A young illegal immigrant child from Central America was diagnosed with swine flu Friday after crossing the Texas-Mexico border, necessitating 2,000 vaccines be shipped to Lackland Air Force Base to treat people who may have been exposed, U.S. authorities confirmed to TheBlaze.
Health and Human Services Department spokesman Kenneth Wolfe told TheBlaze that the child was hospitalized after being diagnosed with the H1N1 virus, which he called an “isolated case.”
“The child is responding to treatment and is being monitored,” Wolfe said Wednesday. “While this is an isolated case, we are continuing proactive measures to protect public health and closely monitoring all the children at Lackland and other [unaccompanied alien minor] facilities.”
The child was diagnosed after being transported from a border holding facility to the base, where he showed signs of illness and had to be hospitalized. It’s the first known case of the H1N1 virus to be diagnosed among the recent surge of unaccompanied immigrant children to arrive at the base, Rep. Louie Gohmert (R-Texas) said.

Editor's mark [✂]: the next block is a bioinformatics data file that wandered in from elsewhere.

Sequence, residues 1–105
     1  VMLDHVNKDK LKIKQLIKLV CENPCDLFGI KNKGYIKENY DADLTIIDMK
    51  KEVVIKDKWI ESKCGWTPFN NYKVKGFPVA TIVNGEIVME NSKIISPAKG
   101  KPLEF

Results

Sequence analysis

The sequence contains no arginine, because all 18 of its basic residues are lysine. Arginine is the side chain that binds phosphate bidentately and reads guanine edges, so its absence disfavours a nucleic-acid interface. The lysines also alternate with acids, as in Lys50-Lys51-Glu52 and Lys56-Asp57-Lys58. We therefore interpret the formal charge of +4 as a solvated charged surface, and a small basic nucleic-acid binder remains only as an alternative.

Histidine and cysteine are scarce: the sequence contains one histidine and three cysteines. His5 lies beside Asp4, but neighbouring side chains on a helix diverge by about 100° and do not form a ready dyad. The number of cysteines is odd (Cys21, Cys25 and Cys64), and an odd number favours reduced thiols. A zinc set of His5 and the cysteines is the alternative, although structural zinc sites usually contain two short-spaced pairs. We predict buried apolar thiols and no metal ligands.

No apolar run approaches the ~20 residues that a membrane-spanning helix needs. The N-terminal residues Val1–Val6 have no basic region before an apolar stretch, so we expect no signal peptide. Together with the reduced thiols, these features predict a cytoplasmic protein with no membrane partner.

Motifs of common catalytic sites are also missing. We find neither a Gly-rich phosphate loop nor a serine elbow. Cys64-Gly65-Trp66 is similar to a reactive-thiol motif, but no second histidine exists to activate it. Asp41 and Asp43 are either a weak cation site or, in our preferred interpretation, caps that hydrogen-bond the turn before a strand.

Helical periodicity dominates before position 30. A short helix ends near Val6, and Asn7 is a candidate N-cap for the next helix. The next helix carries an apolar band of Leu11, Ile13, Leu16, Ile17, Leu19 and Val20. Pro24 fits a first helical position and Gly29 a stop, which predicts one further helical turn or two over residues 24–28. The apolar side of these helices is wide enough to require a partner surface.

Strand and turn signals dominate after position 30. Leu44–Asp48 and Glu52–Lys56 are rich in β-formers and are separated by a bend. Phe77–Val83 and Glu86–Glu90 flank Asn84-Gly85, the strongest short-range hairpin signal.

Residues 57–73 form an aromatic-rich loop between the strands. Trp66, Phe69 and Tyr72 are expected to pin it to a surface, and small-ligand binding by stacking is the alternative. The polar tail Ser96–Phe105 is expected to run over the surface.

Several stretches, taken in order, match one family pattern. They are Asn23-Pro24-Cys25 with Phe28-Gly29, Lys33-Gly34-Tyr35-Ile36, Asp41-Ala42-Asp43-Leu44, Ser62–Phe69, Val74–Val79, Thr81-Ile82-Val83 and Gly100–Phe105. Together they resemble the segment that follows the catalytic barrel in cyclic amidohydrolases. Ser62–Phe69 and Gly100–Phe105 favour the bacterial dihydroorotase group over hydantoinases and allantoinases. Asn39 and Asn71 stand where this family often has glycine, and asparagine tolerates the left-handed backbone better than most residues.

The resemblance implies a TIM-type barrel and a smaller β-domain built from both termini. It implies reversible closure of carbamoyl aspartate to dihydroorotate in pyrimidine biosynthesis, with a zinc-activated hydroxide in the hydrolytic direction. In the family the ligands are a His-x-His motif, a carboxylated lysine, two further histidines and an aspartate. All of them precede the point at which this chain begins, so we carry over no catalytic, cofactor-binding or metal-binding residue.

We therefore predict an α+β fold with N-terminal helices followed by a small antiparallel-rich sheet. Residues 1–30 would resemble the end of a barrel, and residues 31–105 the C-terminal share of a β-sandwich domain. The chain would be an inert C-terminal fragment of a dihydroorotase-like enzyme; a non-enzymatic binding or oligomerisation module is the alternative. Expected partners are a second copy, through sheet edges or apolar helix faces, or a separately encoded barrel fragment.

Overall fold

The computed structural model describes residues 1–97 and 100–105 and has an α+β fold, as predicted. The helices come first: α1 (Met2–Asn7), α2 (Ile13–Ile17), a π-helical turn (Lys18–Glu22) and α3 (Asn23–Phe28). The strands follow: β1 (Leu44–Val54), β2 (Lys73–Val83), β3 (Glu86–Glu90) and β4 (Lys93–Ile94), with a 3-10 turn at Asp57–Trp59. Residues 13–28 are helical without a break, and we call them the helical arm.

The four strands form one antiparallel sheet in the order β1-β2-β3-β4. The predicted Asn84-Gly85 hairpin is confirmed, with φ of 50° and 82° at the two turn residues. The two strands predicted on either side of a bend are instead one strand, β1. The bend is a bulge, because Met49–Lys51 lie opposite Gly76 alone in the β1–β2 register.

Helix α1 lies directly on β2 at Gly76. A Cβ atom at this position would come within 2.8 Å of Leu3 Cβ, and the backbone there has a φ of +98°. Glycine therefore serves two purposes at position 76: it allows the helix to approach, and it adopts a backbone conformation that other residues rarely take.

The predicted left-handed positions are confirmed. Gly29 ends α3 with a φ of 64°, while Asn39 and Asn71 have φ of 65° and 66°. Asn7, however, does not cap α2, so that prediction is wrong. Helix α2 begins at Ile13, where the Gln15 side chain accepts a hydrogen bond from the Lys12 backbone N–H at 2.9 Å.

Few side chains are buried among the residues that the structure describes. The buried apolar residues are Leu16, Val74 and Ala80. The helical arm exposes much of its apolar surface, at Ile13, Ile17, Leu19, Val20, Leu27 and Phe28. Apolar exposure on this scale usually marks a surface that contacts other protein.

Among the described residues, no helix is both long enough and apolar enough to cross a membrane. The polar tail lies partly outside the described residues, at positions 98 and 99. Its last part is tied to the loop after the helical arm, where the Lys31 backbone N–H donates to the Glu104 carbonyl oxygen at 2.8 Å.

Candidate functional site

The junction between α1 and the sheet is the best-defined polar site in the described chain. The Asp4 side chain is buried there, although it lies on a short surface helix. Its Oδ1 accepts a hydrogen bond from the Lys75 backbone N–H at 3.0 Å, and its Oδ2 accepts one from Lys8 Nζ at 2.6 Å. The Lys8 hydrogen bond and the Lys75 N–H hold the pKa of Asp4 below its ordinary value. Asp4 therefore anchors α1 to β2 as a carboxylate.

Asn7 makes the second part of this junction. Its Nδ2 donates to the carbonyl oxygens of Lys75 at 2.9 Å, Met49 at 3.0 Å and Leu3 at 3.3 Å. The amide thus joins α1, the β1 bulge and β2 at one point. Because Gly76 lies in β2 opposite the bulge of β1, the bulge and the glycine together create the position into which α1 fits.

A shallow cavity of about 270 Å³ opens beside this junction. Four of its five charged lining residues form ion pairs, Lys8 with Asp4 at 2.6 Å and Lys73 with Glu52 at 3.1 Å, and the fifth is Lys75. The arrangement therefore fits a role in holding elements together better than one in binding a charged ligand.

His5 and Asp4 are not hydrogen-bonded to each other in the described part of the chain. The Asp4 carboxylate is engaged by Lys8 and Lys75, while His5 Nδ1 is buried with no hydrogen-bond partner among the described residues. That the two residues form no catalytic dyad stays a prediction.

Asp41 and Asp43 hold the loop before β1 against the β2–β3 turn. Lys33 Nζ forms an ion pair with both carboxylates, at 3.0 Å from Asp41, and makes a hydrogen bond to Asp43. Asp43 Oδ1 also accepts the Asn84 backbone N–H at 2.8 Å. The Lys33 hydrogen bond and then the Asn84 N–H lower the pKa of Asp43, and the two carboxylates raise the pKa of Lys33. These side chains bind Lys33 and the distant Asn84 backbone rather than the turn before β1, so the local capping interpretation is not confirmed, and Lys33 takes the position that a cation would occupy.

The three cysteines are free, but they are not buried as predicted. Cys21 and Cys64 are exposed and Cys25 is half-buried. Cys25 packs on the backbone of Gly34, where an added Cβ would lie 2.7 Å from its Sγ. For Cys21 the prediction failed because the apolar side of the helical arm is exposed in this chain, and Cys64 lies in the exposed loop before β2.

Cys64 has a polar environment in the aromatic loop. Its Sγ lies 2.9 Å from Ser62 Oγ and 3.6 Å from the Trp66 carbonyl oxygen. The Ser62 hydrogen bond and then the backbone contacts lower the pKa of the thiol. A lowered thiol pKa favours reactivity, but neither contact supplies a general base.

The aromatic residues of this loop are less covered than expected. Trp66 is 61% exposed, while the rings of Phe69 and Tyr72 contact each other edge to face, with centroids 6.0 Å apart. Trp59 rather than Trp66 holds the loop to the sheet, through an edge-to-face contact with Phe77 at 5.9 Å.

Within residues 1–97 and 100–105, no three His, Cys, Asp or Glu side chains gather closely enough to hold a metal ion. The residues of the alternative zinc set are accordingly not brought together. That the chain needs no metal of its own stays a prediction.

“We are told the sick child was feverish for several days before being sent for medical treatment,” Gohmert said. “Having spent the weekend on our border, I can tell you that the U.S. Department of Health and Human Services is not taking charge of the undocumented children in any kind of reasonable time frame as they are absolutely required to do.”
The H1N1 diagnosis coincides with federal law enforcement and health officials along the border raising concerns that immigrants crossing into the United States are not being properly screened before being transported to other holding facilities throughout the country.
The child was described as being extremely ill before recovering in the hospital and had made contact with a number of people for several days during the contagious stages of the virus, according to sources with knowledge of the case.
Texas Gov. Rick Perry’s office did not immediately return a request for comment.
The H1N1 virus caused a worldwide pandemic in 2009 and is experiencing an uptick in the U.S. this year, according to the Department of Health and Human Services.
“We are told the sick child was feverish for several days before being sent for medical treatment.”
A representative from the Centers for Disease Control did not respond to a request for comment from TheBlaze about the H1N1 case. The CDC last week deferred all health questions regarding the recent illegal immigrant surge to HHS.
Wolfe told TheBlaze last week that all unaccompanied immigrant children are medically screened after they are transferred from Border Patrol custody.
This post has been updated with comments from the Department of Health and Human Services
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